Following Dargan’s lead, today we’d like to challenge you to write a poem that incorporates at least one of the following: (1) the villanelle form, (2) lines taken from an outside text, and/or (3) phrases that oppose each other in some way. If you can use two elements, great – and if you can do all three, wow!
After reading Candace’s poem from Day 4 – one packed with narrative – I watched the resource video. Then found myself watching a stream of other videos – RESIST doing the same. Then I read diaspora: a narcolepsy hymn by Kyle Dargan. Then I started thinking about the prompt and outside texts I may use.
After searching online, I decided to peruse today’s Metro issue brought home by Mr. G. I scanned the whole issue and although I earmarked two interesting articles, I didn’t actually find the text I needed. So I turned back to poems.
After a search starting with ‘place’ I ended up on an educational poetry site and chose the poem Let No One Steal Your Dreams by Paul Cookson.
Writing to form always takes a while, I am still constructing. This Villanelle took 3 sessions over 2 days to complete. It is not a form I favour, I find it hard to make the rhymes work without seeming fixed.
In the end I did not use Paul Cookson’s poem as much as the dual text examples from Kyle Dargan and it is definitely a poem I could/should re-write/edit. I managed the traditional 3 parts and it does make sense considering I constructed lines backwards from the end rhyme word.
Today, our featured participant is 7eyedwonder, who responded to the time-focused prompt for Day 3 with a moving account of a father’s passing.
Today’s video resource is this recording of the American poet Craig Morgan Teicher, reading what he calls his “relentlessly sad poems.” That might not sound like something you want to deal with on a Thursday, but one of the wonderful things about poetry is that it can express feelings that we often think aren’t “okay” to express or feel – emotions that are uncomfortable but universal.
Today’s prompt, inspired by Teicher’s poem “Son“. One thing you might notice about this poem is that it is sad, but that it doesn’t generate that feeling through particularly emotional words. The words are very simple. Another thing you might notice is that it’s a sonnet – not in strict iambic pentameter, but fourteen rhymed, relatively short lines.
Today, we’d like to challenge you to write your own sad poem, but one that, like Teicher’s, achieves sadness through simplicity. Playing with the sonnet form may help you – its very compactness can compel you to be straightforward, using plain, small words.
I watched the video of Craig Morgan Teicher reading, just short of 14 minutes then I had a break before reading his poem ‘Son’.
If you need to revise sonnet form check this website. It will guide you through the fundamentals of a variety of sonnet forms. Please be aware that some of the links at the bottom of the page are no longer active. http://www.sonnets.org/basicforms.htm
And this is the point I broke the tradition of following the optional prompts. Mainly because I am short on time today and have only ever written four sonnets so know that to accomplish one I will need more time.
I will come back to try it when I have sent work off. For now I wrote a poem which fell into my head as soon as I started listening to Craig Morgan Teicher this morning. I carried it around through my appointments today and most of the afternoon so it had settled into something and came out easily this afternoon.
It is 4 stanzas and longer than 14 lines. It does meet part of the criteria… achieves sadness through simplicity… using plain, small words.
And like Teicher’s poems is ‘relentlessly sad’. It is called Texts.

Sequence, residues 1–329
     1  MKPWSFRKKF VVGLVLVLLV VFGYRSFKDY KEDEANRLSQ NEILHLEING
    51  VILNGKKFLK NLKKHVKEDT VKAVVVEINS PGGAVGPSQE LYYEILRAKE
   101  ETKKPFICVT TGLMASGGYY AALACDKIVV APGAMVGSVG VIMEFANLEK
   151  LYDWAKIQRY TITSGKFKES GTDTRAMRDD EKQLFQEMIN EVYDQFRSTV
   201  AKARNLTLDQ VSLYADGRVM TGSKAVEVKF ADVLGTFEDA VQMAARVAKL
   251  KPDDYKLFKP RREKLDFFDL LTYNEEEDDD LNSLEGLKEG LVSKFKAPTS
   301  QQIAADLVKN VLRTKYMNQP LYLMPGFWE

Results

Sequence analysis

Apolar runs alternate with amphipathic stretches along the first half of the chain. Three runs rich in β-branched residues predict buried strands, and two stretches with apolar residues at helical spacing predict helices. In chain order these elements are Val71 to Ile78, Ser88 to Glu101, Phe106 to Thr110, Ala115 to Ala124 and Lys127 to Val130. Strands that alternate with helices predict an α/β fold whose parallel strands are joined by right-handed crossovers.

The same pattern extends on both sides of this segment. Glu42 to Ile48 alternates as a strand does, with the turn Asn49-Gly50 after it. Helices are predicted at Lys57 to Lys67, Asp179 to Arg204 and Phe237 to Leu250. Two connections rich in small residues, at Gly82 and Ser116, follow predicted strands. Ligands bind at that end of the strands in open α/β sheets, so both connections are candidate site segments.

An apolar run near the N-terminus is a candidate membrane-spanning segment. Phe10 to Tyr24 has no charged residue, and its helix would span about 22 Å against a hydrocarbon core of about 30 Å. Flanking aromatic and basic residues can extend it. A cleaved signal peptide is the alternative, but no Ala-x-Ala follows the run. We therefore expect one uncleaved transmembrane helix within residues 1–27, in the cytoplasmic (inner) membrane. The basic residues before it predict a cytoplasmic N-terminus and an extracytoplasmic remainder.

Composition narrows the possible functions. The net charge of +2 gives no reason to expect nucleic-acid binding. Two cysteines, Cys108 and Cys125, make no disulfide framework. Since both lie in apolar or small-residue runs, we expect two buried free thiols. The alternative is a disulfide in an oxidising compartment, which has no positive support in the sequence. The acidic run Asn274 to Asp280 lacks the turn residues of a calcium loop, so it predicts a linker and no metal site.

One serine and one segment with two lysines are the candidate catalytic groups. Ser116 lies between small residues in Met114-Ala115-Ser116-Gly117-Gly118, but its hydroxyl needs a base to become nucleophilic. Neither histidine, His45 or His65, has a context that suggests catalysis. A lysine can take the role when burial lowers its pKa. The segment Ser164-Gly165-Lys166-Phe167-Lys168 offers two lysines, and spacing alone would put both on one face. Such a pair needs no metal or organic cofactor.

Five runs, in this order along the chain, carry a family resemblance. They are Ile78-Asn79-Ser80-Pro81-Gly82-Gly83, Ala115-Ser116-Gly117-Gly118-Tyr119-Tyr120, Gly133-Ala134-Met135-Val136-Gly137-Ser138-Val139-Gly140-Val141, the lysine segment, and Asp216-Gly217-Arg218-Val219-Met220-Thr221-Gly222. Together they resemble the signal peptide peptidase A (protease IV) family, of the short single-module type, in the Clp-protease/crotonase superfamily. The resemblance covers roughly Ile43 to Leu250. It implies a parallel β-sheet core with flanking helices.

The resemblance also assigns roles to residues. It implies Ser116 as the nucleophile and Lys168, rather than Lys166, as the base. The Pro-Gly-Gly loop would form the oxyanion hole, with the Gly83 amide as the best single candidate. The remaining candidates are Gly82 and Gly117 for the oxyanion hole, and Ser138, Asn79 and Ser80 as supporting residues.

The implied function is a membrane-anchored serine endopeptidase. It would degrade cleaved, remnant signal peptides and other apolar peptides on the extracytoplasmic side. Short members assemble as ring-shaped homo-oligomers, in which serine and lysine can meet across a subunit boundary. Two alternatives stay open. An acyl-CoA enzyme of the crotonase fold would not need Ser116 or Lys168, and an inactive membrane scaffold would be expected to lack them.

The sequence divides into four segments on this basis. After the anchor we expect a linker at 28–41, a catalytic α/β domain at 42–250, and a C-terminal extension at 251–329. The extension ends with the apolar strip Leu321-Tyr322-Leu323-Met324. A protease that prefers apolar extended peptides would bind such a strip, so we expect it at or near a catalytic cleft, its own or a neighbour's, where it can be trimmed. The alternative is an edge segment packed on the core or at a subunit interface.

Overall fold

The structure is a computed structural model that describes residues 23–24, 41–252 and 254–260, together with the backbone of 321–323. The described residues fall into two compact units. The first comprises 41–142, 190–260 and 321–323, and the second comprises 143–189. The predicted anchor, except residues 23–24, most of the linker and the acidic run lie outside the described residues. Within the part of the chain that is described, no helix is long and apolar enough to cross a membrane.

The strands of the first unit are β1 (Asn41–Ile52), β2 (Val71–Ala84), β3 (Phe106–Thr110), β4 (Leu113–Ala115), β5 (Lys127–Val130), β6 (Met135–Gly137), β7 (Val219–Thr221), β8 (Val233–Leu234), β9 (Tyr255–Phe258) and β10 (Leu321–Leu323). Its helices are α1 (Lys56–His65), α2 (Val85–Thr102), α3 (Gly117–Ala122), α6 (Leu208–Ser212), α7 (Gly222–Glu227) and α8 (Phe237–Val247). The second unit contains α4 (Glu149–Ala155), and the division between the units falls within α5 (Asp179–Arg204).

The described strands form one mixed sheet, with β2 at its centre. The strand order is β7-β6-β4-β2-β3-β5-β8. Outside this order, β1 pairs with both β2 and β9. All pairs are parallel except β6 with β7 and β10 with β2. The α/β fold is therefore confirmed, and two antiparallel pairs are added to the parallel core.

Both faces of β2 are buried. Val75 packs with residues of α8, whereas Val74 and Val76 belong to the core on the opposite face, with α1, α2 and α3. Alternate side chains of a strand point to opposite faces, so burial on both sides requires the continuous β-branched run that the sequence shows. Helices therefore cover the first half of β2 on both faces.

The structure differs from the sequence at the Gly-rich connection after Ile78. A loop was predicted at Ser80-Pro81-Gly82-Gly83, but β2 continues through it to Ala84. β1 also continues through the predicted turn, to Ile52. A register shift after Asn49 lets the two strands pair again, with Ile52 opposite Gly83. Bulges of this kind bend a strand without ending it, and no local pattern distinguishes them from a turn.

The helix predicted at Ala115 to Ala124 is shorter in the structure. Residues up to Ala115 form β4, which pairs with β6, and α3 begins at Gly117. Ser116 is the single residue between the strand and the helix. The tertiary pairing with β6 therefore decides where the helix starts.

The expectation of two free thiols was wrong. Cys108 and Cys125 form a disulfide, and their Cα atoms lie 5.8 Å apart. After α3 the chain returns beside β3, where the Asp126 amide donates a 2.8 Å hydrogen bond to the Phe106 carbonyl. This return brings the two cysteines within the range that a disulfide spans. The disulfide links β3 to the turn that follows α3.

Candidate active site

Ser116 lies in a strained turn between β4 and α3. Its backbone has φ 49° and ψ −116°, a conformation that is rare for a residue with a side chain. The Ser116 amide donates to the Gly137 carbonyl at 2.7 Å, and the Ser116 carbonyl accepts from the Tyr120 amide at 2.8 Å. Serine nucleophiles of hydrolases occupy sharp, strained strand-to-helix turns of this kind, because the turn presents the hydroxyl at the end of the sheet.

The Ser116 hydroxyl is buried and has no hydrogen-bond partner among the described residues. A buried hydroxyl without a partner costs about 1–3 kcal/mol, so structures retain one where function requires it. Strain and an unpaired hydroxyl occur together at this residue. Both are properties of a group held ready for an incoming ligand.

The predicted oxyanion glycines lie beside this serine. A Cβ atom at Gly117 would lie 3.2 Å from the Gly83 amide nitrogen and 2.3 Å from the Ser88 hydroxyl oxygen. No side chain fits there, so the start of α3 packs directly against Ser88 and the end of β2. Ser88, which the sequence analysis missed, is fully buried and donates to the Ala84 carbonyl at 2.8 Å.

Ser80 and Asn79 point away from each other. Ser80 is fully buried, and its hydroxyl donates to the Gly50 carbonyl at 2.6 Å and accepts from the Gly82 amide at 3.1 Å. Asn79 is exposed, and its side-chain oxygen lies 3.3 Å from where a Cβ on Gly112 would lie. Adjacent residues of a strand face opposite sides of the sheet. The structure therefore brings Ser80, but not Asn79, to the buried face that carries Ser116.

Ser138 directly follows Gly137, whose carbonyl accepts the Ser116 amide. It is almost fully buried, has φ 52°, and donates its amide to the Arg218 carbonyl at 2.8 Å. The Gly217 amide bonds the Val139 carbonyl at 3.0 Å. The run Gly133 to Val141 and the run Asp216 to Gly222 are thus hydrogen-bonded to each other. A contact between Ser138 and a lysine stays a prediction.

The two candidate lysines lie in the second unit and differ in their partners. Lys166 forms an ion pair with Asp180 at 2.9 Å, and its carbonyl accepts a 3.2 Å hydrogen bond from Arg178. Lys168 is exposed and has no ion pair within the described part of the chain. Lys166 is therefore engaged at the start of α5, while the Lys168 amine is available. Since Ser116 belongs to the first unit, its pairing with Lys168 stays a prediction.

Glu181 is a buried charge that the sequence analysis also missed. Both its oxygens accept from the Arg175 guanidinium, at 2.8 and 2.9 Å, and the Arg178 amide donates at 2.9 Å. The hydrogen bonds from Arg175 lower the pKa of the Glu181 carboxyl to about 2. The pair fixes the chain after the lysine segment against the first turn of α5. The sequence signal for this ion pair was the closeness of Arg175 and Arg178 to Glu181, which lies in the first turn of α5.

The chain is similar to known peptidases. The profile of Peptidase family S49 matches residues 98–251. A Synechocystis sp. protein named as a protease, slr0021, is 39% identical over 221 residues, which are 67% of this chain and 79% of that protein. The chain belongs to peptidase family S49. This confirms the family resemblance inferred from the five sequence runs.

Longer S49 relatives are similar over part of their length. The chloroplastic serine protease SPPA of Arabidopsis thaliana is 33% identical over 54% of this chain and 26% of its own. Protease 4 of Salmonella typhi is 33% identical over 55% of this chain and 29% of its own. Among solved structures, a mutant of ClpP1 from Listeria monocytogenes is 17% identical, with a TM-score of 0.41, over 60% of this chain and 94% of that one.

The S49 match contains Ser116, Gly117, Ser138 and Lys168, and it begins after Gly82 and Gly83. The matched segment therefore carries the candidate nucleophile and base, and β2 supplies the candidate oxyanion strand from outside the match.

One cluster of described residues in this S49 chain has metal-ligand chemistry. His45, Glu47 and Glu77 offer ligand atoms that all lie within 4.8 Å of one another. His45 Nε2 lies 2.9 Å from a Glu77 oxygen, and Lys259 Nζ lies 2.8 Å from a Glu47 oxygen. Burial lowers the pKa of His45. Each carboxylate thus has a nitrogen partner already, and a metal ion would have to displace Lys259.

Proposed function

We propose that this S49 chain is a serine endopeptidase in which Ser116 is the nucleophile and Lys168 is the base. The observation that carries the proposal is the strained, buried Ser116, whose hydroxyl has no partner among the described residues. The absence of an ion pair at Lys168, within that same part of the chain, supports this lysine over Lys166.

Over on the official NaPoWriMo site posts start at the beginning of March to get us ready for the epic task of writing a poem a day throughout April. This year I was not online much during March, my post op recovery has been slow (and painful) and I had a manuscript waiting to be edited that the publishers sent shortly before I was in hospital (October), so when my mind was finally back to being creative and medication was minimised, my first port of call was getting the edits back to the publishers.
Now I am still mainly offline and working through edits and preparing for a Festival in the summer – but apart from NaPoWriMo and LitWorld 2 Journal commitments I am not at the desk much, still recovering and still off work. My body needs a chance to heal and get stronger and that takes time. I have 5 physio activities to repeat several times a day, plus lots of medical appointments. I need to manage energy levels after the past 6 months so I missed the countdown/ lead up to NaPo 2019.
Hello, all! As of today, we have just one week to go until the start of National/Global Poetry Writing Month!
We hope you’re getting your pencils sharpened, your laptops charged, and all your finest glittery pens prepared for a full month of writing verse.
Finally, as we’ll be featuring poetry-related video resources throughout April, we’ll leave you for the time being with this oldie-but-goodie – Edgar Allen Poe’s “The Raven,” as interpreted by The Simpsons. Fair warning – they may have taken some, er, minor liberties with the text.
The 3 Day COUNTDOWN
Hello, all. There’s just three days left in March, and that means that there are only three days to go until NaPoWriMo/GloPoWriMo 2019.
To help you countdown, we’ll be posting a poetry-related move/tv clip each day until April 1 (at which point our video links will become a bit more “substantive”), and on March 31, we’ll have a special early-bird prompt for those of you for whom April begins a few hours before it does here at Na/GloPoWriMo headquarters.
The poet William Blake was a visionary, a religious mystic, and pretty much all-around weirdo. He also seems to exert a strange pull on scriptwriters, as you will find him being quoted in both Bull Durham (a pretty good movie about minor league baseball)
as well as being paraphrased in the dystopian sci-fi classic Blade Runner.
Hello, all! There’s just two days until we start Na/GloPoWriMo 2019, otherwise known as “that month in which you write a poem a day for 30 days.”